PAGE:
Tebaldi in all her glory (mostly)
Santa Fe Listener | Santa Fe, NM USA | 03/14/2007
(5 out of 5 stars)
"These 5 budget CDs won't be of much interest to Tebaldi fans, who will already own the widely known operas, almost all in stereo, that have never left the Decca catalog. But anyone, like me, who has a deep fondness for the great soprano but neve really collected her records will find a treasury of great singing. She was gifted with the most feminine, full, powerful voice in Italian opera between 1950 and the mid-Sixties. Not a long career, and overshadowed by the supreme greatness of Callas, who lasted alamost exactly as long. But at the Met, where she was the reigning diva, Tebaldi was the last word in Puccini and almost the last in Verdi.
Amazon doesn't list the contents of this box set, so let me give a thumbnail sketch. The best Verdi excerpts come from Otello, La Forza del Destino, and Aida, often with her favorite tenor, Mario del Monaco. He's the featured player in the majority of the duets here. Lesser Verdi from Tebaldi includes the excerpts from La Traviata (she wasn't enough of a coloratura for Violetta), and Un ballo in maschera (she was caught too old, but the Act II duet with the young Pavarotti finds him in thrilling voice--incomparable, in fact).
The set includes a batch of verismo arias that to tell the truth are probably the best items--Tebaldi had just the right intensity and pathos for Adriana Lecouvreur, La Wally, La Gioconda, and Andrea Chenier. But as her reputation would attest, she was meltingly beautiful in Puccini roles, and it's a shame that her stereo versions found her a bit mature for the girlish parts, not to mention that her chosen conductor was the aging, slack Tulio Serafin. No matter. She sounds great in arias form all the major Puccini operas but especially Manon Lescaut and Suor Angelica, where her deep religiosity adds an especially touching note.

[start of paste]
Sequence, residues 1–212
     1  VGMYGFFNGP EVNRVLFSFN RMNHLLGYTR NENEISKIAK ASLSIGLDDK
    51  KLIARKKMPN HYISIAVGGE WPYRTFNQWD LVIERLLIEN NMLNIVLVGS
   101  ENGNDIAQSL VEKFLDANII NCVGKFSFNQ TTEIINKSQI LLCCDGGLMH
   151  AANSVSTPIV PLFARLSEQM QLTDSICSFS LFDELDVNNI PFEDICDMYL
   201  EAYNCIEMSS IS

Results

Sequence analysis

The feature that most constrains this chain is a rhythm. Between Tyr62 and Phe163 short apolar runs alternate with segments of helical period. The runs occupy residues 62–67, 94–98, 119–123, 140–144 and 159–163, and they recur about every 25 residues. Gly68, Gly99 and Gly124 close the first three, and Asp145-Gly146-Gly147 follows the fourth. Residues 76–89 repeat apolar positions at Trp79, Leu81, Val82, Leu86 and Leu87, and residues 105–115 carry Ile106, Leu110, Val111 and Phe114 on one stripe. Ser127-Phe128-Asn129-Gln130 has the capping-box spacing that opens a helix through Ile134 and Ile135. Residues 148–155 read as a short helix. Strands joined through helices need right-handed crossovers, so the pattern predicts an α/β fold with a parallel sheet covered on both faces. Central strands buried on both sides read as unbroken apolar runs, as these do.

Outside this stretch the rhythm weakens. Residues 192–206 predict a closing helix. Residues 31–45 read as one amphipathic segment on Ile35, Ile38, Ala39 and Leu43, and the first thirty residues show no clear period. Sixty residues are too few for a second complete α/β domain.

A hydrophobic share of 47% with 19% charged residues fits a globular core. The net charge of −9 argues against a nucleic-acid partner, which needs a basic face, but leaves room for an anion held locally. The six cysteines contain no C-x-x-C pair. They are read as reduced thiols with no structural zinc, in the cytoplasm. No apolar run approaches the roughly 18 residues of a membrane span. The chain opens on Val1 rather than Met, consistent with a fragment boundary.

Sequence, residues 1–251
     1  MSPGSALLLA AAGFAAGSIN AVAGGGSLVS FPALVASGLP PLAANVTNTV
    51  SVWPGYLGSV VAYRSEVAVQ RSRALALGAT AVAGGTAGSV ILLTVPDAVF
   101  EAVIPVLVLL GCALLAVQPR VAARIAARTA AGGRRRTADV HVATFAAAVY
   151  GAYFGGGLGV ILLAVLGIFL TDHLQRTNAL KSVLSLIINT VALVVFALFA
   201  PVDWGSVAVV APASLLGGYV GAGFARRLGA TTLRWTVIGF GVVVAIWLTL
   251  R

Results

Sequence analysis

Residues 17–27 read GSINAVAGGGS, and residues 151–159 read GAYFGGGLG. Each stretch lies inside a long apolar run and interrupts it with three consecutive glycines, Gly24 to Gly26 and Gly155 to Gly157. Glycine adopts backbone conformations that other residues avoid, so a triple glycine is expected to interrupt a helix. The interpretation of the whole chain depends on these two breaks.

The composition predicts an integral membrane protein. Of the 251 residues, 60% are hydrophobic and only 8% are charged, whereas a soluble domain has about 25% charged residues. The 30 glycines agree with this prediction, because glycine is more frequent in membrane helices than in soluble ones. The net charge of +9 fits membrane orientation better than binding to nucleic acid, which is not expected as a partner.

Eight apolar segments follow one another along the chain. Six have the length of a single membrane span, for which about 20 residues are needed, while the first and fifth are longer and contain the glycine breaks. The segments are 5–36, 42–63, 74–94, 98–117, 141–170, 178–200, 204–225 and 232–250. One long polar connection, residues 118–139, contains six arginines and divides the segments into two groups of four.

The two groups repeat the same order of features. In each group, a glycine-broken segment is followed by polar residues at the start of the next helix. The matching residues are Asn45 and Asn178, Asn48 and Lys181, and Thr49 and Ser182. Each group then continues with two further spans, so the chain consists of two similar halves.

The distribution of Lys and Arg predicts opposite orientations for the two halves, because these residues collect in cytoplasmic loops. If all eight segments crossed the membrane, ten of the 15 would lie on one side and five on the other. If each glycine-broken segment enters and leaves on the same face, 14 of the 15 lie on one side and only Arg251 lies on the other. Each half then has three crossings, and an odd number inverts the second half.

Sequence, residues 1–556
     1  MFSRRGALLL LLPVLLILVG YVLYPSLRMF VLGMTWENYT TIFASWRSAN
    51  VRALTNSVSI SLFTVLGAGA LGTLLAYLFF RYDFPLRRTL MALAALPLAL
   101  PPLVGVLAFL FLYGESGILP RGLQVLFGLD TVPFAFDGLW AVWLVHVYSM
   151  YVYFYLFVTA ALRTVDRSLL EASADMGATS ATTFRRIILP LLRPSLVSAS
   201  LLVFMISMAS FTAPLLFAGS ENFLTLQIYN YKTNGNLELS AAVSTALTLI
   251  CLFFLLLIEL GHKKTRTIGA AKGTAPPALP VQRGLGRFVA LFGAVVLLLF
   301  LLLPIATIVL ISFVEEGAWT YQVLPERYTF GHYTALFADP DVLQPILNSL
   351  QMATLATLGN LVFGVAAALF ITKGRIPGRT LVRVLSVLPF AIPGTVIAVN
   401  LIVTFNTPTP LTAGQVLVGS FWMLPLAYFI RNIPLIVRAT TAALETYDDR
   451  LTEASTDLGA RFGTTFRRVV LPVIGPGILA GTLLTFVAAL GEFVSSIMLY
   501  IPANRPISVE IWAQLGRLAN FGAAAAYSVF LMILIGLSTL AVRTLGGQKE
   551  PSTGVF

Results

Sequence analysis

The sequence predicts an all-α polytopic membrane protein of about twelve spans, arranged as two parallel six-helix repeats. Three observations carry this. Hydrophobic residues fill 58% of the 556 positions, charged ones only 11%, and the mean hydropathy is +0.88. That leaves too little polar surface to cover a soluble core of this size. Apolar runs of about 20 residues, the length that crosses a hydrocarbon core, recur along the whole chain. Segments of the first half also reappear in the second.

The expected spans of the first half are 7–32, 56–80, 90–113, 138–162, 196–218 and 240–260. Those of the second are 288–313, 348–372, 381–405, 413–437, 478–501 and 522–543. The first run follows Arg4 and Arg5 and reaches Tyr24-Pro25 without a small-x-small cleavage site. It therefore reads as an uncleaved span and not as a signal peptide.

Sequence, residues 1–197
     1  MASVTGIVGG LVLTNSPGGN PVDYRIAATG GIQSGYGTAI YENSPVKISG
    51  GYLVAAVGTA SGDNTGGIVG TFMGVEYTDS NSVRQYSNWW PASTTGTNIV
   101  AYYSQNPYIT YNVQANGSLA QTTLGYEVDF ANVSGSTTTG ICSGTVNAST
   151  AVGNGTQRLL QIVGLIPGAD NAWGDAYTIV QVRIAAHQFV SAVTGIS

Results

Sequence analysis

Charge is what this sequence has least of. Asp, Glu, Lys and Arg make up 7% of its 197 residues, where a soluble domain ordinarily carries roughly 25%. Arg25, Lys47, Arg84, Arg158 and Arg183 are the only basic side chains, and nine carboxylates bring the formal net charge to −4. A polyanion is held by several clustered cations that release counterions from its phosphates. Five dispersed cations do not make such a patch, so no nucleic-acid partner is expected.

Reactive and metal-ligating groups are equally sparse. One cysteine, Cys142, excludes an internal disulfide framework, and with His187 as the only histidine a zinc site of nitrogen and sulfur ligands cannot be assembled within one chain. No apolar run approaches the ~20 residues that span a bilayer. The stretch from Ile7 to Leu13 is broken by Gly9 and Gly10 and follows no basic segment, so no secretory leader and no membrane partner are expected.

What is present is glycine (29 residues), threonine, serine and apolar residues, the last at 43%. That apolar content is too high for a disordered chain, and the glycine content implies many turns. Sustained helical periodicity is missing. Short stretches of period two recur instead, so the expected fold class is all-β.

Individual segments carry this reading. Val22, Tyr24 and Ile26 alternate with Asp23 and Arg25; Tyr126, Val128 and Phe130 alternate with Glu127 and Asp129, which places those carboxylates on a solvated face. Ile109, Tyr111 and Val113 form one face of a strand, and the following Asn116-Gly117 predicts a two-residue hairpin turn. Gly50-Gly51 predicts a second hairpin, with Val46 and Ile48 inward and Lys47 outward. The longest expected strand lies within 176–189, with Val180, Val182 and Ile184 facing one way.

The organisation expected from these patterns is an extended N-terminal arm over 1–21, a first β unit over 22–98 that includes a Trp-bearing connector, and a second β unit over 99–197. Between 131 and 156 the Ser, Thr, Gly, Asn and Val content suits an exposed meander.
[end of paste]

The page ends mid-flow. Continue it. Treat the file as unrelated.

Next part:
Less necessary--if not totally dispensable--are arias from French operas that Tebaldi sings in Italian (Carmen?), the greatest oddity being Elsa's Act I aria from Lohengrin, which sounds extremely odd in Italian. We also get a hodge podge fifth CD with some popular Italian songs, Christmas carols, and such, at which she is sometimes very charming, sometimes a bit too strained. But that's a minor quibble. I enjoyed this whole collection immensely, especially when it brought back memories of my own youth just learning about opera and the divas who rule them."